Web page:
Swine Flu could be the next major disease epidemic. It appears to have emerged in Mexico has killed more than 100 people and infected more 1000 who have recovered. Cases and suspected cases have now been identified in the USA, New Zealand, France, Scotland, Israel, Spain, and elsewhere.
How many people have died from swine flu?
In the current outbreak of swine flu, just 20 deaths of 103 suspected fatal cases have actually been confirmed as having been caused by the new virus. That’s a lethality rate of just over 1%. Spanish Flu in 1918 had a lethality rate of 2.5%.
How many people infected?
Cases in Mexico number around 1600, according to Mexican Health Secretary Jose Angel Cordova.
Is this swine flu the same strain of flu that killed millions in 1918, the so-called Spanish flu?
No. The present strain is a type A influenza virus of class H1N1, certainly, but it is a different sub-species. Influenza viruses evolve very rapidly in response to changes in the immune systems of their hosts.
What does H1N1 mean?
The “H” refers to the viral hemagglutinin protein, and the “N” refers to the neuraminidase protein (enzyme). There are H1N2, H3N1, H3N2, and H2N3 strains of swine flu endemic in pig populations.
Whatever happened to bird flu?
Strains of avian influenza, or bird flu, are still around, these viruses exist in host species in Asia and potentially elsewhere and could still make the leap to humans at any time.
Influenza viruses can exist endemically in pigs as well as birds and other species. The current strain of interest, swine flu, is endemic in pig populations in Mexico but has now spread to people.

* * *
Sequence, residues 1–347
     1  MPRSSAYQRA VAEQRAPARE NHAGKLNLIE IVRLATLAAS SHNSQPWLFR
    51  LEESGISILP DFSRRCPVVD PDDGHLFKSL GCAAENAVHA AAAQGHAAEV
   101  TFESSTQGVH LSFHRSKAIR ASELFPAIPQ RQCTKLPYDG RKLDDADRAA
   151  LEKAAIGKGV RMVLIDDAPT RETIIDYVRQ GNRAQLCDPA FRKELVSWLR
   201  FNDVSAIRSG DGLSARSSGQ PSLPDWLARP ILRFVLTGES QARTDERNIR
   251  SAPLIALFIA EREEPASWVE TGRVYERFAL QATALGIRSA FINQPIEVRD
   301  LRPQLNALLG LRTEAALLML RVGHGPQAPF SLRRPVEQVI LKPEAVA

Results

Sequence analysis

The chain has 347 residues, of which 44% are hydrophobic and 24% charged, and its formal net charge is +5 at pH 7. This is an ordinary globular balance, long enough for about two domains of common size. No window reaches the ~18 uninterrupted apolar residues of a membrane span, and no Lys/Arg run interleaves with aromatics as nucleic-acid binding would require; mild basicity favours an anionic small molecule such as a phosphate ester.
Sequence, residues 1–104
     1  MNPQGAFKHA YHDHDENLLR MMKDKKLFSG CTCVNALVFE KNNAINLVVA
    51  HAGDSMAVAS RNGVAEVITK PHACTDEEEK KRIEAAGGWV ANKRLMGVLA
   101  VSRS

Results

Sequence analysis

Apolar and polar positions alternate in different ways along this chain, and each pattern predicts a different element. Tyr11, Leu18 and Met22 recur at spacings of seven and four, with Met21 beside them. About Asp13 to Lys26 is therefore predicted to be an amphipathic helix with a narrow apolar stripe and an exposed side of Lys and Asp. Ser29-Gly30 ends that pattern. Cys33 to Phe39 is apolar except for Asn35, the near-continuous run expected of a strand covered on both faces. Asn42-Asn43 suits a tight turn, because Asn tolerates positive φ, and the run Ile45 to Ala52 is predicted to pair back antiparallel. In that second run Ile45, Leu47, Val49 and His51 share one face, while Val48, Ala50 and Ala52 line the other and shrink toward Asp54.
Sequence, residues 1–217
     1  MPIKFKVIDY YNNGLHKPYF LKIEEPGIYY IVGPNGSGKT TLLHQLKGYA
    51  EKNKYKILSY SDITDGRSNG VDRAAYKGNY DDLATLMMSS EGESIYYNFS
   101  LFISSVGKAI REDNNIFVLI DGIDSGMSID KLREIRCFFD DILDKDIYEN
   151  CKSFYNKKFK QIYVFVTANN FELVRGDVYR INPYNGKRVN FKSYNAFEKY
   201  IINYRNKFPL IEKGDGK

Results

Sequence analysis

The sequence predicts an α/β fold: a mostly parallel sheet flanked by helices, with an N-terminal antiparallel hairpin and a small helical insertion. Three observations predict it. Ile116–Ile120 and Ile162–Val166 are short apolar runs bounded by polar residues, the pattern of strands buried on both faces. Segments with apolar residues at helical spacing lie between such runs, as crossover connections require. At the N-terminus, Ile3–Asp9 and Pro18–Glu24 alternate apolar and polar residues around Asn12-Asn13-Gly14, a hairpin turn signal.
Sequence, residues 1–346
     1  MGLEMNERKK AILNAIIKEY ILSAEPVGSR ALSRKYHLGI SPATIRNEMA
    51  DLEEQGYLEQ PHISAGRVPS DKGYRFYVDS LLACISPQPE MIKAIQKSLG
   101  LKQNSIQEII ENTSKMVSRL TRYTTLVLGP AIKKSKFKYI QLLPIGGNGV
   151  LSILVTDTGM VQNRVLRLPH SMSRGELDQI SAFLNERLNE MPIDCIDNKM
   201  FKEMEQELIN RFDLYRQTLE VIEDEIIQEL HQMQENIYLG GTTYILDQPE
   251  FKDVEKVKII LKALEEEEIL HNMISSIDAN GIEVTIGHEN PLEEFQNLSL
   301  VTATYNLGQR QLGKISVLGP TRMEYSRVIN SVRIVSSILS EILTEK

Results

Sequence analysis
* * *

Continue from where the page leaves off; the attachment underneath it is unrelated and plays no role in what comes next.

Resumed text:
Didn’t we have swine flu before?
Swine flu has been present for years and commonly infects people who work with pigs. An outbreak at the Fort Dix army base killed and hospitalized soldiers there and led to an ill-fated mass-vaccination campaign under President Ford. An outbreak of swine flu happened in the Philipines in 2007.
Was the new swine flu genetically engineered as a bioweapon?
It is perhaps possible to engineer a virus, but the precursors to this present strain of influenza has been seen in the wild for years and so it would seem highly unlikely that it was synthesised. Is there a lab that could synthesise a whole new viable viral species from combined segments of human, bird, and pig influenza viruses?
But how did porcine, avian, and human viruses get mixed together?
These flu viruses have a segmented genome containing eight pieces of RNA. If two strains infect a single cell their progeny undergo reassortment so that new strains emerge. Pigs are a particularly good biological mixing bowl for flu viruses, it takes just one lucky reassortment that can infect humans to then make the species leap. This has happened several times in the past.
What is WHO doing about the outbreak?
The World Health Organisation will meet in Geneva on Tuesday (April 28) to discuss whether to raise the pandemic alert level.